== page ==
Bernie Sanders’ proposals for free education and healthcare were flatly rejected by those who said "we are not Denmark". A new book argues that the policies and protections in Nordic countries don't work because of shared benevolence, but because they benefit everyone's selfish interests. Today, a Finnish expat gives the US a pep talk.
Then, Zarif Khan migrated to America in the early 20th century and became prosperous and beloved in his Wyoming town...though the law prevented his citizenship.
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This election season has raised questions about whether the United States would or could integrate a more "socialist" system. For many Americans, stories of paid parental leave, free college education, and health care are exactly that – stories.
Journalist Anu Partanen came to America from Finland - full of respect for American optimism, ingenuity and social mobility. Instead she found anxiety, frustration and exhaustion. In her book The Nordic Theory of Everything, she argues that Nordic policies don't work because - as many Americans believe - Finns, Swedes and Danes have a natural affinity for each other. They work because they benefit everyone's self interest. We first read about her theory in The Atlantic, where she wrote the article "What Americans Don't Get About Nordic Countries."
Vexillologists study flags, focusing on their history, category, and usage, but some flag historians go a step further, going out into the world and lobbying for more beautiful flags. Roman Mars from the podcast 99% Invisible looked into a heated flag design debate that happened in Portland, Oregon.
Listen to this story again at PRX.org.
In fall of 2015, members of a small Muslim population in Wyoming came together and bought a house in the northeastern town of Gillette with the goal of turning it into a mosque - the third in the state. A group called "Stop Islam in Gillette" emerged and responded with protests and threats of violence - arousing the interest of the FBI. It's by now a familiar narrative - local groups rejecting foreigners and newcomers - but in this case, the Muslim community is neither foreign nor new. Many trace their roots back to the frontier- era American West and have been considered locals in Gillette for far longer than some of those now openly harassing them.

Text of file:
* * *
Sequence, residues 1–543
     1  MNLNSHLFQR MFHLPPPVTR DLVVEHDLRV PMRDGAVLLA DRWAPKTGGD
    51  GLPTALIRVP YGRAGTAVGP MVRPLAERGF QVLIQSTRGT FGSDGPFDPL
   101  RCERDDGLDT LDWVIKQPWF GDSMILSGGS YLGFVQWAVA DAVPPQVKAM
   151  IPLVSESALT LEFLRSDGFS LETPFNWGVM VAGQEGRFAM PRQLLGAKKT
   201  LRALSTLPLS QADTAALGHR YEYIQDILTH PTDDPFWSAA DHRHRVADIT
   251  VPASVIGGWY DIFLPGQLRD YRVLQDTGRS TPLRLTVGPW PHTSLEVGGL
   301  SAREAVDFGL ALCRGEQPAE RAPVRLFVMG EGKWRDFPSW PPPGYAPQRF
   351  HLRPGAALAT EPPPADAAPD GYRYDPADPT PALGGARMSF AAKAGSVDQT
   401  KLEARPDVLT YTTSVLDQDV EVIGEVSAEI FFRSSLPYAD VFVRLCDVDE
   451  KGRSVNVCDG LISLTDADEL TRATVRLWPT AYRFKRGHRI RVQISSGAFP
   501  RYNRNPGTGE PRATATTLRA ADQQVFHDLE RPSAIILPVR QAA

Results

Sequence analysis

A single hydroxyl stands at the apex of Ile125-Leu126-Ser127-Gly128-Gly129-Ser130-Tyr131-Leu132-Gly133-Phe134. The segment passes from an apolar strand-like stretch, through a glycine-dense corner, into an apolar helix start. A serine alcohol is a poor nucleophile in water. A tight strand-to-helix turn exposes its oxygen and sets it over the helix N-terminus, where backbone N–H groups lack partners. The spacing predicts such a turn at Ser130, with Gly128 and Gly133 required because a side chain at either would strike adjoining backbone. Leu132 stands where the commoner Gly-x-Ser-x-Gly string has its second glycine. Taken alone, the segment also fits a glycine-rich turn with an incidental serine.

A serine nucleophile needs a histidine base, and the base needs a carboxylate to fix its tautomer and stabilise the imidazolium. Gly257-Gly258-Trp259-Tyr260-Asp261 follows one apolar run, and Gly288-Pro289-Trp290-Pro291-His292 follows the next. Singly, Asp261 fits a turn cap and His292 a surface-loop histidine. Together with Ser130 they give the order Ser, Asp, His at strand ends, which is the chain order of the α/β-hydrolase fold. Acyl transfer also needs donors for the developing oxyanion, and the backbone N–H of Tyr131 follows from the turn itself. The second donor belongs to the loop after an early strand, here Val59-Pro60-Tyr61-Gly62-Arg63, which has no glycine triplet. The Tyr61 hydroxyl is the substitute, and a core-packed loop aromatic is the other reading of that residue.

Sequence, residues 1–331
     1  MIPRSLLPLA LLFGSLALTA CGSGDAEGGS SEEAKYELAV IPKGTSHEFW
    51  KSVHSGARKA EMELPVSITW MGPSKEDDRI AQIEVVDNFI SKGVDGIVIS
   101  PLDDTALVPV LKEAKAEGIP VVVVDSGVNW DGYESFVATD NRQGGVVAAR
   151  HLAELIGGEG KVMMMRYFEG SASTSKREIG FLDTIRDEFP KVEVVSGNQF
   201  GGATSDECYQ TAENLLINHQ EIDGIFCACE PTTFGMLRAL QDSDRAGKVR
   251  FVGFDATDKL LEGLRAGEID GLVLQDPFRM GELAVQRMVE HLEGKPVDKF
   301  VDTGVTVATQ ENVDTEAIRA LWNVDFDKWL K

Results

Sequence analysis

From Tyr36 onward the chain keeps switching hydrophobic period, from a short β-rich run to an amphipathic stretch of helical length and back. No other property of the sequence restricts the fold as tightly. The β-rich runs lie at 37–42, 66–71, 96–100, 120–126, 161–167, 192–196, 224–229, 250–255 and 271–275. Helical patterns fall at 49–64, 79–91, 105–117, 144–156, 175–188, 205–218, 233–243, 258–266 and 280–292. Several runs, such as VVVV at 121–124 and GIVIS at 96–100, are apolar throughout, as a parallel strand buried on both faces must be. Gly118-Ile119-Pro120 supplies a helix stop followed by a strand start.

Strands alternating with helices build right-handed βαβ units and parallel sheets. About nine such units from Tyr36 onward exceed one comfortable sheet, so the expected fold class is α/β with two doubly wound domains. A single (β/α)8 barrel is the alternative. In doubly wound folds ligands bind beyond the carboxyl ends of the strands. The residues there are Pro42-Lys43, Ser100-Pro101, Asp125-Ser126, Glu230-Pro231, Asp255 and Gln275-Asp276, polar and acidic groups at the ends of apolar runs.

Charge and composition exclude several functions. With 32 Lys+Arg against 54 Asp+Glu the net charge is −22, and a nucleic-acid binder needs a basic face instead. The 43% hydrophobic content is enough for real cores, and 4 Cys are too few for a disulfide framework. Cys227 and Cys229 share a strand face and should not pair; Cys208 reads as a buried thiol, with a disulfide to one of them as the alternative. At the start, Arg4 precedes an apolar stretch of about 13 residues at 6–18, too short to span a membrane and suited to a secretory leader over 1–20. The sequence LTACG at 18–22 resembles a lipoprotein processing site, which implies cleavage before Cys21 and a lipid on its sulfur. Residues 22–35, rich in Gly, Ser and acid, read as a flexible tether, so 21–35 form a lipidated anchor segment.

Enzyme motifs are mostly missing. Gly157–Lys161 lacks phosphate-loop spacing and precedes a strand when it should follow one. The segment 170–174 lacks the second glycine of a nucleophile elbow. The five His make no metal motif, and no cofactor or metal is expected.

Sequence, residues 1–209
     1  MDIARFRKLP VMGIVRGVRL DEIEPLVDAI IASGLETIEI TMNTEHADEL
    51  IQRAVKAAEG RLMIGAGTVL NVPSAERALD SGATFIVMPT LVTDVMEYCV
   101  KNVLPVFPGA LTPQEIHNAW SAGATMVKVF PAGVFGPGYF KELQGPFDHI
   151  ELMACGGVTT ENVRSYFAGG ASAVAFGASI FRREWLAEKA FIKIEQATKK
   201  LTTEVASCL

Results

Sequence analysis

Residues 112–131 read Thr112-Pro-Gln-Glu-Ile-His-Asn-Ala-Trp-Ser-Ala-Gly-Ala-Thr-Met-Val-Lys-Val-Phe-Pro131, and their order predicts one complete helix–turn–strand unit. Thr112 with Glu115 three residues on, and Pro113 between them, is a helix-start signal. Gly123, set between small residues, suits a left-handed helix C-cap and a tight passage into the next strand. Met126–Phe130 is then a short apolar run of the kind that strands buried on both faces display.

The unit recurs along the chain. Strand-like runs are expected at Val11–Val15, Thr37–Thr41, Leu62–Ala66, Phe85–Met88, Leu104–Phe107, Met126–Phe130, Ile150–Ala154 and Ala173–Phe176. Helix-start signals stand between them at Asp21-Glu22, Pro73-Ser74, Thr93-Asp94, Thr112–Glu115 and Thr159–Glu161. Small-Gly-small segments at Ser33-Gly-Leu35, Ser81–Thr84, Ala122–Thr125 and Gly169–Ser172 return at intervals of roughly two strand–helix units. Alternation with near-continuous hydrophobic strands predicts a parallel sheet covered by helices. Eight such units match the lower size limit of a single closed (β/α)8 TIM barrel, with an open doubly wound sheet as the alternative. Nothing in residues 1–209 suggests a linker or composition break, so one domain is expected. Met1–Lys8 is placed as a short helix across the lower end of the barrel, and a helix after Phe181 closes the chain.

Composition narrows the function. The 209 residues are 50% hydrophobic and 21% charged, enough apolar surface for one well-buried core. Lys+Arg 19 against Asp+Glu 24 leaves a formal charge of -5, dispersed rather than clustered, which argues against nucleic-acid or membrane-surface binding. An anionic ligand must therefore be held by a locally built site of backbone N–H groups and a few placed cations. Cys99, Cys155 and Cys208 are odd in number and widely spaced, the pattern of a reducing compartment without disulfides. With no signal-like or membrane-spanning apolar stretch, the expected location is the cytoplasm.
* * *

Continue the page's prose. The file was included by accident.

Kathryn Schulz won a Pulitzer Prize for her feature on the seismic risk in the Pacific Northwest. She is a staff writer for the New Yorker, where we read her article, "Citizen Khan" - a profile of Zarif Kahn, the successful businessman and patriarch of what is today nearly 20% of Wyoming's Muslim population.
All immigrants coming to this country face uncertainty:where to settle, how to make a living. The one thing they can usually rely on is an embassy or a consulate, a little piece of their home country on US soil. But Luqman Barwari comes from an ethnic homeland with no defined borders and no diplomatic nerve center. So he's created his own informal embassy in the northern suburbs of L.A., one aimed at keeping his people connected and his culture alive, which is not always easy. Producer Taylor Haney brings us the story.
You can listen to this story again at PRX.org.